A detailed biography...

Theresa Quintanilla has a passion for building customer loyalty by
  • setting up useful databases of customer information,
  • strategizing how to improve loyalty, and
  • finding relevant content to share with these audiences.

As a marketing manager, she has designed newsletters, offers and invitations
for dozens of lists, resulting in more sales and referrals. She has combined
and cleaned many lists of customers, prospects and contacts, finding the
forgotten opportunities. She collects the best stories to create exciting
newsletters. Her invitations cut through the mailbox and inbox clutter.

Most recently, as a co-founder of the Houston Summit for the Creative
Economy, she designed the marketing communications, including the web
site, email invitations, and Facebook page, which brought together 100 of
Houston’s most ingenious people for a day of idea sharing. When the
Goldesberry Gallery experienced a sales slump, she devised strategies that
increased the number of encounters with existing customers, leading to
improved profitability. As a leader in her alumni association, she has grown
the mailing list from 200 to 1000 by producing an acclaimed newsletter.

In 1984 Theresa graduated from Columbia Business School in New York with
an MBA in Marketing and went to work for Ogilvy & Mather Advertising. Her
first assignment was the Compaq Computer account in Houston. She thrived
in the fast-paced environment and produced her first newsletter, which culled
the relevant industry news for campaign planning. She also got her first taste
of direct response marketing by sending mail campaigns to Compaq computer
owners. She was the first person on the team to use a personal computer to
track the advertising results.

Looking for a chance to work on her own ideas, Theresa moved to Service
Corporation International. Her ability to quickly grasp the industry issues and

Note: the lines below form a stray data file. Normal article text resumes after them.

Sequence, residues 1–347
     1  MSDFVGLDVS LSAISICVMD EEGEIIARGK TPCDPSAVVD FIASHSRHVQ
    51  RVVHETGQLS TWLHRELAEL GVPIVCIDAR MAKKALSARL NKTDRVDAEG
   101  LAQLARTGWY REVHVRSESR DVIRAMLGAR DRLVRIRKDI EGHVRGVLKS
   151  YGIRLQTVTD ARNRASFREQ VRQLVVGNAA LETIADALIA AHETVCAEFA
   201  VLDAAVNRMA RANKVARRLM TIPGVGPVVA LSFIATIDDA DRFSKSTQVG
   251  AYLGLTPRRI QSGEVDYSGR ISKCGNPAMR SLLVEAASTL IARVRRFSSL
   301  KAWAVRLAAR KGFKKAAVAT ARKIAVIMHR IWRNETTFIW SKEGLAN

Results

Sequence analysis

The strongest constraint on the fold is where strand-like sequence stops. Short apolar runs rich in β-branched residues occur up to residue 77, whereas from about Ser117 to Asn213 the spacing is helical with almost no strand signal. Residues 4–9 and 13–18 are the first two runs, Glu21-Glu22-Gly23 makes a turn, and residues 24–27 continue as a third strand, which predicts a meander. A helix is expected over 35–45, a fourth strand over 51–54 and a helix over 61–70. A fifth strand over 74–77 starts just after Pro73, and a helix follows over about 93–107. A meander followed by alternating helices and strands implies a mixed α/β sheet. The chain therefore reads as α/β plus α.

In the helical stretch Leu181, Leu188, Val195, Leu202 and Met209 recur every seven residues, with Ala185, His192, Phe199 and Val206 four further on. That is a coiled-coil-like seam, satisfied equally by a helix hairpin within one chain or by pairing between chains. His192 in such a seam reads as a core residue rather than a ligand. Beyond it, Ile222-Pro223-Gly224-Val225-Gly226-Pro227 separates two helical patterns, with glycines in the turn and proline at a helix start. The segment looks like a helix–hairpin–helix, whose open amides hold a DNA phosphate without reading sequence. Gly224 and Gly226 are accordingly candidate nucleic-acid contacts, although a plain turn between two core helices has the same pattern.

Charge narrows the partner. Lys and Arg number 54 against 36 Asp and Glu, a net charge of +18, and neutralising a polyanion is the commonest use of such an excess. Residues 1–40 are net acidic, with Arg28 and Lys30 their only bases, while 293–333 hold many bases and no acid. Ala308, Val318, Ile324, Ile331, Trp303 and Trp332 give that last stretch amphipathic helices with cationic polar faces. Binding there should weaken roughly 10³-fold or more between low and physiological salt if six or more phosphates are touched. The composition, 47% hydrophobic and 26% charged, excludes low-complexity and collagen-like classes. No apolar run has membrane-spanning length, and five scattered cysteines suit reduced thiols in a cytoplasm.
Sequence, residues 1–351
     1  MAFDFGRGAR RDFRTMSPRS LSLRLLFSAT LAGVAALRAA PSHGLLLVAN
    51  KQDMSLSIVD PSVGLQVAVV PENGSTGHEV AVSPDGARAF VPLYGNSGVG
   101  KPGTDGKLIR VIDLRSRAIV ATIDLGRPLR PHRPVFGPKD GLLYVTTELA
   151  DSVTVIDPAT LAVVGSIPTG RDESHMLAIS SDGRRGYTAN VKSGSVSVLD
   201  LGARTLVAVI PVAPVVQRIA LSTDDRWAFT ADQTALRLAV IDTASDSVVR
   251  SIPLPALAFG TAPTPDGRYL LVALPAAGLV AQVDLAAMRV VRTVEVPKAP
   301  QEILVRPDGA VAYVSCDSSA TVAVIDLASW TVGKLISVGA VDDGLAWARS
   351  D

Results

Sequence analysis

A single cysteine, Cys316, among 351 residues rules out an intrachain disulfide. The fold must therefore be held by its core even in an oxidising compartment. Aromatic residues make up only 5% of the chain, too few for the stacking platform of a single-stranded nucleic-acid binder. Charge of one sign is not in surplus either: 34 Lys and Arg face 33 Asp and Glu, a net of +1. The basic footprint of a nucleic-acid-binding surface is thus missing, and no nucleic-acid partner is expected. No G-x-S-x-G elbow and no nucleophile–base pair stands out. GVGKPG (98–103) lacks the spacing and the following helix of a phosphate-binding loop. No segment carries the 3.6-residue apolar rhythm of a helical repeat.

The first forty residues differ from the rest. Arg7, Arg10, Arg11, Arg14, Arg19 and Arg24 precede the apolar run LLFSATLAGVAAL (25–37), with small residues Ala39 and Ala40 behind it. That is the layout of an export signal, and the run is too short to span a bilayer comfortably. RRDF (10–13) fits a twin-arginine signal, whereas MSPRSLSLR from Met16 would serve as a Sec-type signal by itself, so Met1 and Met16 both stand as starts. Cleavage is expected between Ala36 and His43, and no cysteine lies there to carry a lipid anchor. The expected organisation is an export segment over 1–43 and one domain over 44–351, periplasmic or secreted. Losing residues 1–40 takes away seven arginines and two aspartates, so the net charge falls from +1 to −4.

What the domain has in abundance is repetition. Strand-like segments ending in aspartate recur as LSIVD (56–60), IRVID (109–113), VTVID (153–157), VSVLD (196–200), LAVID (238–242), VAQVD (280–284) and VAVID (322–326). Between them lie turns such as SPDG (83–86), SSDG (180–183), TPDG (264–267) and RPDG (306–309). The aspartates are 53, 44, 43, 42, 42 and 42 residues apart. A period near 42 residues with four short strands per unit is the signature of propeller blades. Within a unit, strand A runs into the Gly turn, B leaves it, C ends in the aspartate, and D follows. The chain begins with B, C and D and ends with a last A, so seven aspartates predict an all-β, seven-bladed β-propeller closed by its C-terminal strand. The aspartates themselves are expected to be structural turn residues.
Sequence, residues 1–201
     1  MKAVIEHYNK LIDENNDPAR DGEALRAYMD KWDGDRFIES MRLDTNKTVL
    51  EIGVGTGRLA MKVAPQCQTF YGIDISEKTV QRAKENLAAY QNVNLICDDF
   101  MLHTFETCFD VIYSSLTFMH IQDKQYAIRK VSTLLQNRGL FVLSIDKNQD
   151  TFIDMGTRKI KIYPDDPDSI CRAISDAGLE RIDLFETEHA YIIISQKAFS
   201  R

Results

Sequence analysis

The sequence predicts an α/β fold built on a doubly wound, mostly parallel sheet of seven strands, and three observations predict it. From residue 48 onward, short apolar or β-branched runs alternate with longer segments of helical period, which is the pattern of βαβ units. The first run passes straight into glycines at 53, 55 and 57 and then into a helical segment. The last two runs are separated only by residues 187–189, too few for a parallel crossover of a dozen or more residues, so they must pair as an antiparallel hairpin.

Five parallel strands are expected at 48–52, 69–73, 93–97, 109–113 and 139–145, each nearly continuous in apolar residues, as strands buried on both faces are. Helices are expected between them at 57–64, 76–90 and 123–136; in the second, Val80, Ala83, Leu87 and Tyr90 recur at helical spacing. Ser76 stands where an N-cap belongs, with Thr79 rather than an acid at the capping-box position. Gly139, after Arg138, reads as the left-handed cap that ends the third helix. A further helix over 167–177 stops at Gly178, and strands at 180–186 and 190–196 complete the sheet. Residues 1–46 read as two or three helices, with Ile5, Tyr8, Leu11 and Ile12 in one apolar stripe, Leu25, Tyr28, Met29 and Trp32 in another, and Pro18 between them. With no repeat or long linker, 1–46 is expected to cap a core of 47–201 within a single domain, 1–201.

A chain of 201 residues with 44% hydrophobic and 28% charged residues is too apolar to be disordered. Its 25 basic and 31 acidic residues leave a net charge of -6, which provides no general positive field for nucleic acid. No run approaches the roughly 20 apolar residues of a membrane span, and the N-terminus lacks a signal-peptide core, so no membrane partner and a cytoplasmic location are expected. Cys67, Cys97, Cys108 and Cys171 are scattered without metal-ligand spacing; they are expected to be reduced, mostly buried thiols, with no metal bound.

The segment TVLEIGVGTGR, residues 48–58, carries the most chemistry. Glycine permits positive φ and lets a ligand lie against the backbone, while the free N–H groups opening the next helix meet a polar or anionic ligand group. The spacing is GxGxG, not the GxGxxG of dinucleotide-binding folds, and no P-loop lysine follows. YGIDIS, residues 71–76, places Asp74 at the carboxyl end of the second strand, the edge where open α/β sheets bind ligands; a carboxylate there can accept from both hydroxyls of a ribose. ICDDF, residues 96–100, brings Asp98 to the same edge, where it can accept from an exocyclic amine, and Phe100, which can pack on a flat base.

opportunities led to her quick promotion to Director of Marketing for the
Prearranged Funeral Program. Analyzing SCI’s $4 million advertising budget,
she reduced the lead cost by 67% and instituted a lead tracking system. For
the 325,000 owners, she produced a quarterly newsletter offering additional
services like estate planning. After SCI restructured, Theresa returned briefly
to Ogilvy & Mather, where she turned around the sales promotion team,
improving profitability and recruiting new talent. But she missed testing her
own ideas in direct response media, and she jumped to a corporate computer
dealership called Microcomputer Power. There she grew revenue by
marketing seminars to their 15,000 customers and reduced expenses by
revamping their newsletter so that it was fully funded by co-op advertising
funds from Apple, Hewlett-Packard and Microsoft.

In 1992 she began exploring her abilities as an entrepreneur, starting a
business which became known as Sales Support by Computer. Sales people
needed her help getting their contact information into their computers, and
Theresa realized how much she enjoyed training and finding ways to make
them more successful. In 1996, Theresa was invited to become a partner in a
marketing research firm called Real Marketing Insights. She redesigned all
their branding and advertising campaigns, leading to a 400% increase in
revenues. She wrote a white paper on customer loyalty which showed how
businesses could profit from better listening practices. And she helped
operate the business by designing questionnaires and reports. After Real
Marketing failed to achieve stability, Theresa returned to the corporate world,
contracting with Shell to help build an Oracle database for fleet service
customers. And she once again enjoyed working with a sales team, helping
Shell field sales get their computers upgraded to the latest technology.

Having been an avid reader of Fast Company magazine since its launch,
Theresa built a community of readers in Houston, and in 1999 they launched
an event called FastHouston. Over 200 people attended this innovation
conference which featured 20 speakers, 20 booths, and a speaker from the
magazine. Since then Theresa has maintained a network of innovators in
Houston. Continuing her focus on the leading edge of technology, Theresa
went to work for CGI, an IT consulting firm. For their Houston office, she
designed a seminar marketing program and installed their first sales
automation system. She configured the database, set up the reports and
trained 30 sales people. After the IT industry contracted, Theresa began
helping accounting firm Griffing & Company upgrade their customer database,
showing them how to leverage customer loyalty with testimonials and referrals.
By 2004, she was helping Safety United reposition their brand, finding a flow
of stories for their newsletter, and setting up lead tracking.

Theresa began blogging in 2000, branding her perspective on customer
loyalty as “QViews.” She has since extended the brand into a newsletter and
social media. Since 2005, Steady Stream Publications has been her focus as
a way to market the system she uses to generate a continuous flow of stories
to engage her readers. This system, combined with her insights into customer
behavior, allow her to strengthen her clients’ enterprises.
Where to find Theresa

QViews on

The blog,
Twitter Stream